How to Get Started Building Model Train Layouts

The ride home from obtaining your first model train layout and accessories is an amazingly slow journey if you’re itching to get home and start running model trains. Fortunately, there are enough train enthusiasts that obtaining the things you need to build a model train layout is not difficult. But the steps of how to get started building model train layouts actually begin before you start setting up.

You need anything from a clear tabletop to an entire room for creating your model train layout. For little N-scale or Z-scale models, a generous tabletop is enough for a fairly elaborate layout. For larger models, like O-scale and G-scale, more room will be necessary. The place you choose for your model train layout needs to be dry, fairly clean, and have adequate electricity. And you need to choose a location where people won’t trip over electrical cords.

If you want to be practical about it, you should set up your scenery first and then add the tracks and trains. This way you’re less likely knock trains and tracks askew when adding mountains, buildings, or other features. Realistically, however, most model rail enthusiasts are more interested in getting those tracks put down and actually running the trains on them.

If you are not sure what kind of layout to create, there are dozens of websites with suggestions and instructions on exactly how to replicate a certain layout. If you plan to create a model railway layout as a replica of an actual rail line, you might start with photos from Google Earth. Joining a train enthusiast web forum will hook you up with other model railway builders, most of whom will be happy to share their expertise and tips with you. One of the greatest rewards for all your hard work building model train layouts will be sharing it with others who are just as excited about it as you are.

Ultimate Guide to Model Railway Scenery – Part 1

A model railway without scenery is like a dog without fur. You need to learn how use scenery before you can ever hope to master the art of creating awesome train layouts.

This model railway scenery ultimate guide will show you how scenery can be used effectively for any model train layout.

Railway scenery can be split into two main categories.

1. Handmade

2. Bought

1. Handmade or built scenery is the cheapest option and for some types of model scenery it is also the only option (hills, rivers, rocks’¦etc) Handmade scenery can be very tricky to create properly and many railway beginners can end up with a lot of mess. We recommend getting solid advice before embarking on a large scenery project.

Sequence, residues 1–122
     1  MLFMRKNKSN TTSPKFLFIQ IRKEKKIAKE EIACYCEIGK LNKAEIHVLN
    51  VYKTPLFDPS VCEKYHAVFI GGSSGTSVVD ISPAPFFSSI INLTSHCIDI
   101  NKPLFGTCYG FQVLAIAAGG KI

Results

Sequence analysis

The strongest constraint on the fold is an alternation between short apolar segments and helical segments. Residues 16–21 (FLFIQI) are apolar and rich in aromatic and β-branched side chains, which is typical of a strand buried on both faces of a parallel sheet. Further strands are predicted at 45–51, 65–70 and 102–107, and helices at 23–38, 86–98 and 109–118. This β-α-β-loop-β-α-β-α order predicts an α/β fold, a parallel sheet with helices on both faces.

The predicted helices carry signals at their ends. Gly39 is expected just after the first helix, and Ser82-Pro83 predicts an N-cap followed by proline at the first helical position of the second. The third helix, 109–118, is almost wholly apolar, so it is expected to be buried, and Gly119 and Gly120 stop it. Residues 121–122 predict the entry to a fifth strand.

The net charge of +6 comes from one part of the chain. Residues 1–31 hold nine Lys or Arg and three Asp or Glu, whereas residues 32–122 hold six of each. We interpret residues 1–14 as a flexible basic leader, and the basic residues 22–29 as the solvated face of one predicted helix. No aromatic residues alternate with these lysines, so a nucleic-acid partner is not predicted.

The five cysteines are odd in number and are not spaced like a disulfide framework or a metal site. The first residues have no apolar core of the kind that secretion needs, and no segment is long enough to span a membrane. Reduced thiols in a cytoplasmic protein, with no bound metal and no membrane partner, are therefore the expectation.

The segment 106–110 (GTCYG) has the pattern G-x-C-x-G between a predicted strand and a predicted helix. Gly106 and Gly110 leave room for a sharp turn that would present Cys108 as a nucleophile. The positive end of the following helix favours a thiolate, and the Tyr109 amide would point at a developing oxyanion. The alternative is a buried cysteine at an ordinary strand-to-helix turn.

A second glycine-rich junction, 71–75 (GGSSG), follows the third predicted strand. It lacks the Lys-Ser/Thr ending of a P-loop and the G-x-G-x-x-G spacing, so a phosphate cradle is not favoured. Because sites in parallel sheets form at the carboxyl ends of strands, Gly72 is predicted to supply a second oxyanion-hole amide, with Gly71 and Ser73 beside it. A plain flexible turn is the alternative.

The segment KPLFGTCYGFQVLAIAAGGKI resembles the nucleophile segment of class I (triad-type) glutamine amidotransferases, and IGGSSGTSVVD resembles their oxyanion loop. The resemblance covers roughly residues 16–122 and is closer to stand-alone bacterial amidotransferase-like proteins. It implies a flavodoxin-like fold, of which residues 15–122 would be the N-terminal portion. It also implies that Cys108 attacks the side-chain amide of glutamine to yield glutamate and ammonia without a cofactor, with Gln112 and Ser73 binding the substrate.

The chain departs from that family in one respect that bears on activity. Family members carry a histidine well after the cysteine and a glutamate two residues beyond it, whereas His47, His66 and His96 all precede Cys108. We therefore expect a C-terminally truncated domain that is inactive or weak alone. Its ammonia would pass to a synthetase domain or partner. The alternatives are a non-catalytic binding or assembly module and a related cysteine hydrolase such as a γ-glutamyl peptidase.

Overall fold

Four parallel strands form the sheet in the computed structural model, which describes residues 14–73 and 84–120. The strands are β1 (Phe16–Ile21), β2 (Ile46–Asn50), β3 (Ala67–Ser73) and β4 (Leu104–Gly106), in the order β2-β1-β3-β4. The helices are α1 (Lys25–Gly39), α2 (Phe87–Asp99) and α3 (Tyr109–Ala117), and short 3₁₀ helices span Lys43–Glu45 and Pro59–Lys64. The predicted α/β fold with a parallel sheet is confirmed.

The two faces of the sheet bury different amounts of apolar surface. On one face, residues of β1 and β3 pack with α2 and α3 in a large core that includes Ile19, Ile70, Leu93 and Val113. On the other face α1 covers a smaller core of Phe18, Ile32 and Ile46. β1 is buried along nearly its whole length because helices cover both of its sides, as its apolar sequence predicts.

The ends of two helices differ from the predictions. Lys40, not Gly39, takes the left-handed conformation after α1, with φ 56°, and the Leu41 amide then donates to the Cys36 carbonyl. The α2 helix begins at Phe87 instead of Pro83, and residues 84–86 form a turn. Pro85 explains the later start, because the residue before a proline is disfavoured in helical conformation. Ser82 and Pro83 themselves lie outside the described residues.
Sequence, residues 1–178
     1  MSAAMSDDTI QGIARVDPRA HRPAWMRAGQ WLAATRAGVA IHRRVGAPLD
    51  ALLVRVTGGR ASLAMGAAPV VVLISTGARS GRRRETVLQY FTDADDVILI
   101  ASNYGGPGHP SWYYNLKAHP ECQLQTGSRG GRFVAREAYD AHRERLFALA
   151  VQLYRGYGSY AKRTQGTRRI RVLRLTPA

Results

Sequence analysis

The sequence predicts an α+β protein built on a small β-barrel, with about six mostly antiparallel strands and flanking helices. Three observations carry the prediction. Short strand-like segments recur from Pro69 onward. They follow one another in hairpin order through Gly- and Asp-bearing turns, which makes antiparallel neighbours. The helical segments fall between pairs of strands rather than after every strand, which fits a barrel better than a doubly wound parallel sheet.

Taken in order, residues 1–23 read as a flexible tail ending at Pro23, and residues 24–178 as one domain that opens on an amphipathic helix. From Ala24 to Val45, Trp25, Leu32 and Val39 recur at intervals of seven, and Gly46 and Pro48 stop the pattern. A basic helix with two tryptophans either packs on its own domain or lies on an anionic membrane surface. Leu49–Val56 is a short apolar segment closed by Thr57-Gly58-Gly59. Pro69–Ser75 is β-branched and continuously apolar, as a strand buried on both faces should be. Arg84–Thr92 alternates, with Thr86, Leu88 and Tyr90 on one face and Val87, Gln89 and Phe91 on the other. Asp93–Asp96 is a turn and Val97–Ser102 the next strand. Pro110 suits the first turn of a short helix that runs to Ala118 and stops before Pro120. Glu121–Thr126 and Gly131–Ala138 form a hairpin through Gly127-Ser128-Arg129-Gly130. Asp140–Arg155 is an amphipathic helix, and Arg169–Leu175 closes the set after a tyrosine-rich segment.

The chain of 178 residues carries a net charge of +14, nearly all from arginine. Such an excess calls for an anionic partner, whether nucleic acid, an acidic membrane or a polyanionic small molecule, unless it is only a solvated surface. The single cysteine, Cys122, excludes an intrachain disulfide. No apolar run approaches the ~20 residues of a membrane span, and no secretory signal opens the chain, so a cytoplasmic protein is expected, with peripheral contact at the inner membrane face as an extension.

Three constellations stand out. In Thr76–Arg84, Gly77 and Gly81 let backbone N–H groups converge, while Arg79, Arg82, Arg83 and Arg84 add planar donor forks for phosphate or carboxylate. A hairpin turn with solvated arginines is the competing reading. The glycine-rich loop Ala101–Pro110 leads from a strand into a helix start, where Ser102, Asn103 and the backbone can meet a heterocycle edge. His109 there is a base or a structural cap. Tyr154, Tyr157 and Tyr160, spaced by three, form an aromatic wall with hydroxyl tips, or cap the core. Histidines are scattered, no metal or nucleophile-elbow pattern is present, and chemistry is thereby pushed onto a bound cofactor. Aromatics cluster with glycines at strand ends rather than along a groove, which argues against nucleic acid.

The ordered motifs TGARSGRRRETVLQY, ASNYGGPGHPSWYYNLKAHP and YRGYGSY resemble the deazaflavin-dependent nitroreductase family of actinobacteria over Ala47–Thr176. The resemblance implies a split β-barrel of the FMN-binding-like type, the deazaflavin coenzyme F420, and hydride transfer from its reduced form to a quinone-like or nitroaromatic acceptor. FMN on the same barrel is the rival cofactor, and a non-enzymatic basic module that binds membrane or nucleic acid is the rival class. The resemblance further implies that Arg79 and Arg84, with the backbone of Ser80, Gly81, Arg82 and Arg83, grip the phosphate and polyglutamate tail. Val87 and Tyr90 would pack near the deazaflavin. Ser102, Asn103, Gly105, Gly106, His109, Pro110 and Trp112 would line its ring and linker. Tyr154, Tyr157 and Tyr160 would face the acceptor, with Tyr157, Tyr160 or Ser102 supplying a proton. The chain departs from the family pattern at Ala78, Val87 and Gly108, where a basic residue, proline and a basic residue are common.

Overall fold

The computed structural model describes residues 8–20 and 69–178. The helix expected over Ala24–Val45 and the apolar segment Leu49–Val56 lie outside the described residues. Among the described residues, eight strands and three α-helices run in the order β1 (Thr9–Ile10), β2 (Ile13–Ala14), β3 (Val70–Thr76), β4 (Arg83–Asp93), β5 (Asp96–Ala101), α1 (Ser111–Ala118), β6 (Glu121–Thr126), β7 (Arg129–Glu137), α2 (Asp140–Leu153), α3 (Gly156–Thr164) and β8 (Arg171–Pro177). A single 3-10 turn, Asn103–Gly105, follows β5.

2. Bought or shop purchased model scenery is an option for people who higher budgets. A good quality finish is sometimes easy to achieve with bought scenery but it can start to get expensive.

Track Ballast scenery

Track ballast is the most important aspect of nearly every model railway train layout that your are likely to build. The ballast is the rocks/stones that are used under the tracks to add drainage and flexibility to the rail track.

A badly constructed ballast scenery can make even the most interesting train layout look amateur.

We have three possible options when it comes to creating ballast for our model railway:

1. Ballast Scatter

  • Paint the board a similar colour to your ballast
  • Next you literally scatter a mix of glue all over the board
  • Now Scatter the board liberally with your bag of model ballast and give it time to dry

2. Ballast Scatter Mat

  • You just buy a ballast mat from your local model train shop or ebay and then cut it to size and cover your board

Ballast scatter mats do not look as realist as homemade scatter as it looks too neat and tidy. Do you notice perfect ballast on your local train line?

3. Ballast Sponge Overlay

  • This stuff is a sponge material that already has ballast particles and is laid under your track. Not as realist as the other options but is very quick to install.

Model Hill Scenery

The next most important element of model scenery is the hills. Even intricate train layouts look flat and lifeless without the inclusion of gradient.

We have two main options when it comes to using hill scenery within your model railway layout.

1. Paper Mache

  • Very cheap to buy, you only need newspaper, water and glue.
  • Can be really fun and you can get the kids to join in with you

2. Modelling Rock

  • Relatively expensive and requires far more adult supervision
  • Tricky to get started on
  • Requires the use of a chicken wire frame and then you add the plaster impregnated fabric on top of this.

3. Polystyrene/Styrofoam

  • Very easy to create large hills with
  • A lot less messier than the other two options
  • Still very cheap and only just requires a little Polly fill to smooth the surfaces.

Update in the next few days to include: trees, rock faces, tarmac, buildings and bridges!